dask.array.fmod
dask.array.fmod¶
- dask.array.fmod(x1, x2, /, out=None, *, where=True, casting='same_kind', order='K', dtype=None, subok=True[, signature, extobj]) = <ufunc 'fmod'>¶
This docstring was copied from numpy.fmod.
Some inconsistencies with the Dask version may exist.
Returns the element-wise remainder of division.
This is the NumPy implementation of the C library function fmod, the remainder has the same sign as the dividend x1. It is equivalent to the Matlab(TM)
rem
function and should not be confused with the Python modulus operatorx1 % x2
.- Parameters
- x1array_like
Dividend.
- x2array_like
Divisor. If
x1.shape != x2.shape
, they must be broadcastable to a common shape (which becomes the shape of the output).- outndarray, None, or tuple of ndarray and None, optional
A location into which the result is stored. If provided, it must have a shape that the inputs broadcast to. If not provided or None, a freshly-allocated array is returned. A tuple (possible only as a keyword argument) must have length equal to the number of outputs.
- wherearray_like, optional
This condition is broadcast over the input. At locations where the condition is True, the out array will be set to the ufunc result. Elsewhere, the out array will retain its original value. Note that if an uninitialized out array is created via the default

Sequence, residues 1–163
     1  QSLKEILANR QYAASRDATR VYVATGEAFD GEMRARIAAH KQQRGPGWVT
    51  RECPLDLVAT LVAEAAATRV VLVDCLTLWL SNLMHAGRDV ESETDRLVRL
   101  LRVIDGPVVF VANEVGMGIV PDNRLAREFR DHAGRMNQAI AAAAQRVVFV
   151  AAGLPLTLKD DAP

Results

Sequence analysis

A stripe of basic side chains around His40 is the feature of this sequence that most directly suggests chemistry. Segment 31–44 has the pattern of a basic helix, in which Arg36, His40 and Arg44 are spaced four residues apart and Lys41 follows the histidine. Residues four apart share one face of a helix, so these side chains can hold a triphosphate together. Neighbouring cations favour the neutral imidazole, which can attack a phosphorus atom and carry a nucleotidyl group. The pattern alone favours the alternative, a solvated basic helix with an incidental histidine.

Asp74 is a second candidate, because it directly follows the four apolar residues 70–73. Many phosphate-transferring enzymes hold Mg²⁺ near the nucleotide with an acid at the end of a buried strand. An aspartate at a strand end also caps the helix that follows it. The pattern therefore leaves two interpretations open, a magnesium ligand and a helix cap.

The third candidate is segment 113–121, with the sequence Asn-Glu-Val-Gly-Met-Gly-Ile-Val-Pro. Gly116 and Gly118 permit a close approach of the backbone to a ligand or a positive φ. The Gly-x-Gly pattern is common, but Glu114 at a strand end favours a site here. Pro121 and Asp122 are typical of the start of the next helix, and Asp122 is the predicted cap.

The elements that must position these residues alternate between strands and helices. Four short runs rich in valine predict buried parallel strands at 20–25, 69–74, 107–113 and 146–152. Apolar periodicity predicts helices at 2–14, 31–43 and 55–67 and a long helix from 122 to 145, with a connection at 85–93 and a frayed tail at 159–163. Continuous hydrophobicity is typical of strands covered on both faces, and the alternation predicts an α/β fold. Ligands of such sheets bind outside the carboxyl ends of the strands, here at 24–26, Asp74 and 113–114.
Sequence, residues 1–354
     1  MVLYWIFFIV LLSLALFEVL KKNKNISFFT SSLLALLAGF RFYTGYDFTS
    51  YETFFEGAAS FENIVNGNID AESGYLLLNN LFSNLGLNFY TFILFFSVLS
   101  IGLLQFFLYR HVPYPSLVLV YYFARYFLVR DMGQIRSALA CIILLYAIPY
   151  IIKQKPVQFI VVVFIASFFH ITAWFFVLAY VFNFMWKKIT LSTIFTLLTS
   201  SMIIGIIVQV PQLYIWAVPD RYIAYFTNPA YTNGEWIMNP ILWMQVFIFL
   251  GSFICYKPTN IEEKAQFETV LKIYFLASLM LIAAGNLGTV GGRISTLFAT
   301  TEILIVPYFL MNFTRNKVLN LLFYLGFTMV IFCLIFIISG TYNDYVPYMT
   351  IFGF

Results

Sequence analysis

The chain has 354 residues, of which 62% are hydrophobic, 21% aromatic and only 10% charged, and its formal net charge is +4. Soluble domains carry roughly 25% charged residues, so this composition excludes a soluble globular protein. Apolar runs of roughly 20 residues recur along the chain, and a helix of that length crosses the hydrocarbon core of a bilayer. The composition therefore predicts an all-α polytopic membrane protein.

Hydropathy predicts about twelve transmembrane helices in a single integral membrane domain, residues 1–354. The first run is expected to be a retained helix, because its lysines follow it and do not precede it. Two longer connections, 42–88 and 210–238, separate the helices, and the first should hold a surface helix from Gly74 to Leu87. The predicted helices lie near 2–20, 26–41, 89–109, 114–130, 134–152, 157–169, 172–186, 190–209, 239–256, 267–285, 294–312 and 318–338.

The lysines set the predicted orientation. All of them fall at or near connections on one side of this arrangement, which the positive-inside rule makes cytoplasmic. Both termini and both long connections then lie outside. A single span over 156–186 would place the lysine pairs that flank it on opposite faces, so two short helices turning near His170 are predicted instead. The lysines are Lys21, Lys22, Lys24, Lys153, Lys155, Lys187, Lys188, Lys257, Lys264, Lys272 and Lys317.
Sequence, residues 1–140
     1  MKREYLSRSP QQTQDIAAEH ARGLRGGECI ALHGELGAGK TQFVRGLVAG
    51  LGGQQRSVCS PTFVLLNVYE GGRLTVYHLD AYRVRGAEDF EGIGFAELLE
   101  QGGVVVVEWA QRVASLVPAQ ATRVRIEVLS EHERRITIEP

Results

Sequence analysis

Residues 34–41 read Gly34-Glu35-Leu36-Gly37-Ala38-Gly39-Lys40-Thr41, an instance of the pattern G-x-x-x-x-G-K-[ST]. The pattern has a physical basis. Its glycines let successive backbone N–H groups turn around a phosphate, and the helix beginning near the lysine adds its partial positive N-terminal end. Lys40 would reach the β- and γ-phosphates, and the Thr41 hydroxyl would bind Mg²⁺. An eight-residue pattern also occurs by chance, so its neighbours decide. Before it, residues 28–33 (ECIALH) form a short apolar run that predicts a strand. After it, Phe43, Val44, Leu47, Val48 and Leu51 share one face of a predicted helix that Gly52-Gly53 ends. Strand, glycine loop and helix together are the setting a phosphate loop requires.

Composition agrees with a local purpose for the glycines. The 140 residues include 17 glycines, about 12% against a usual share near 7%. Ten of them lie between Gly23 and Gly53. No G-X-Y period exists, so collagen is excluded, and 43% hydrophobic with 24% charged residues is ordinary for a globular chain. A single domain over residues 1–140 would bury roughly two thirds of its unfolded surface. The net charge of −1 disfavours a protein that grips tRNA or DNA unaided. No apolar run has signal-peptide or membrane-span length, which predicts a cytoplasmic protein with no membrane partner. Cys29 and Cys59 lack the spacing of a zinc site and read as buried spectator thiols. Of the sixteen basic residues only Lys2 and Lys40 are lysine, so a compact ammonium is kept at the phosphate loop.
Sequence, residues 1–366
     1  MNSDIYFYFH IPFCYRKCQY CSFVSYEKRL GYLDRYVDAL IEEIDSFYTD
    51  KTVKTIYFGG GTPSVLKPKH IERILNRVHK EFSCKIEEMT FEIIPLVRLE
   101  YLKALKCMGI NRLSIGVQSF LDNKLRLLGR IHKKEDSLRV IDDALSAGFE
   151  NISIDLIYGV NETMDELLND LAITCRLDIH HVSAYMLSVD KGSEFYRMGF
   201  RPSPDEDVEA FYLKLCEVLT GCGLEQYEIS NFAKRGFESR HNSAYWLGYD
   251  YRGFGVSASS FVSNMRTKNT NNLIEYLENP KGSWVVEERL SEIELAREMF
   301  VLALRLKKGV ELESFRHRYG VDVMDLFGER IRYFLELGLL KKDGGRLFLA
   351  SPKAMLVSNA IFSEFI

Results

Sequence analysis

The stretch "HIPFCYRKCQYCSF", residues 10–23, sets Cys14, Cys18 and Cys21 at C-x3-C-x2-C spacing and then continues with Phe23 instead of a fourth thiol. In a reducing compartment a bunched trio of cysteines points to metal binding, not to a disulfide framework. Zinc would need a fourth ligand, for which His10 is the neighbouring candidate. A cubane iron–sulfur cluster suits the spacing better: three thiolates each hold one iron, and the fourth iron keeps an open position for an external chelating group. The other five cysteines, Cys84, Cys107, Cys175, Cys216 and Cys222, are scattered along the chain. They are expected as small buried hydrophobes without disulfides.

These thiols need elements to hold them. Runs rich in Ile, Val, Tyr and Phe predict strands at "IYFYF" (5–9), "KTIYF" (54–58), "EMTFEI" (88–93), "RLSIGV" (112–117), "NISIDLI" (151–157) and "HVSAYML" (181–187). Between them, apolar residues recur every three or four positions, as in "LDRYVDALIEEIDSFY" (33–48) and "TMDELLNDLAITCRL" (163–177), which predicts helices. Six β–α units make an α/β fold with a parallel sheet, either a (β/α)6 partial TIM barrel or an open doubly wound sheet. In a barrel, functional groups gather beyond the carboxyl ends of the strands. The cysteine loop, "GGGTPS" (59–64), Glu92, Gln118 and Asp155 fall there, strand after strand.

out=None
, locations within it where the condition is False will remain uninitialized.- **kwargs
For other keyword-only arguments, see the ufunc docs.
- Returns
- yarray_like
The remainder of the division of x1 by x2. This is a scalar if both x1 and x2 are scalars.
Notes
The result of the modulo operation for negative dividend and divisors is bound by conventions. For fmod, the sign of result is the sign of the dividend, while for remainder the sign of the result is the sign of the divisor. The fmod function is equivalent to the Matlab(TM)
rem
function.Examples
>>> np.fmod([-3, -2, -1, 1, 2, 3], 2) array([-1, 0, -1, 1, 0, 1]) >>> np.remainder([-3, -2, -1, 1, 2, 3], 2) array([1, 0, 1, 1, 0, 1])
>>> np.fmod([5, 3], [2, 2.]) array([ 1., 1.]) >>> a = np.arange(-3, 3).reshape(3, 2) >>> a array([[-3, -2], [-1, 0], [ 1, 2]]) >>> np.fmod(a, [2,2]) array([[-1, 0], [-1, 0], [ 1, 0]])